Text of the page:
Palm Beach Atlantic presented its annual outstanding teaching award to Dr. Matthew Mitchell, a Putnam County, New York, native who delights in pulling students deep into research.
An associate professor of health and human performance, Mitchell says he’s motivated not by the competitive pull of academic publishing, but by the remarkable learning tool that research provides. “We don’t get research done through students,” he said. “We get students done through research.”
In the past five years, Mitchell has successfully guided 55 seniors through research projects, meeting weekly with them to make sure they stay on track, said Provost Dr. Randy Richards. In announcing the winner of the Charles & Hazel Corts Award for Outstanding Teaching, Richards shared comments from students and faculty who nominated Mitchell for the honor:
— “Dr. Mitchell goes above and beyond what it means to be a faculty member at PBA. You can tell that he loves what he does and cares about students’ success.”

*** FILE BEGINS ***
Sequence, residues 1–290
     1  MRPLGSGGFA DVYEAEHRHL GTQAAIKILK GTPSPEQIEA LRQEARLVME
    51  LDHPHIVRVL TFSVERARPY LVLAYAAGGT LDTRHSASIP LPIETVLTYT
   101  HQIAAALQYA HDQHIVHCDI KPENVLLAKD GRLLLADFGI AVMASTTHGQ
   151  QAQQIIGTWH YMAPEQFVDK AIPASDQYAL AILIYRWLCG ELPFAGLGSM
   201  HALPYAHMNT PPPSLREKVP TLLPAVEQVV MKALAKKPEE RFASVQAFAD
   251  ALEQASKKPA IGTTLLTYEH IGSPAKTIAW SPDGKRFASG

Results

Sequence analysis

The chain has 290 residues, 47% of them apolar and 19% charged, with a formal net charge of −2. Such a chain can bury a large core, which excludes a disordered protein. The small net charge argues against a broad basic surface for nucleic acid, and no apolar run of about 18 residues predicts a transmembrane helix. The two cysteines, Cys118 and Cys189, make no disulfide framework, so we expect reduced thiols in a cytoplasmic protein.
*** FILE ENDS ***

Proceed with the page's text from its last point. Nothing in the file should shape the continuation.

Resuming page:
— “He consistently strives to ensure that students are engaged and understand what is being taught in the classroom.”
— “He always makes me feel that I can go to him with any questions, concerns, or even just seeking guidance, even though he is not my adviser.”
Many of Mitchell’s students have made presentations at the University’s annual Interdisciplinary Research Conference, after extensive research supervised by Mitchell. A recently-featured example was “Cardiovascular Disease Risk Factors and Carotid Artery Intima-Media Thickness in College-Aged Students.”
Mitchell earned his Doctor of Philosophy in physiological sciences at the University of Florida. His bachelor’s degree is from Ohio Wesleyan University and his master’s from Wake Forest University. He joined the PBA faculty in 2012.
He teaches courses in nutrition, physiology and research methods. He also oversees the Human Performance Laboratory and undergraduate research. He and his students have received 24 university Quality Initiative (QI) grants to perform research in areas including gait dynamics in autism, cancer-related fatigue and the biochemical effects of fasting.
Before becoming a professor he was a pastor and church planter. Now working with students in the lab, he retains his ministry mindset: “It’s about people,” engaging with them and helping them grow.
Mitchell lives in Wellington, Florida, with his wife and two children.
The Charles & Hazel Corts Award for Outstanding Teaching was established with an endowment from former PBA President Dr. Paul R. Corts and his wife, Diane, in honor of his parents and in recognition of their commitment to higher education.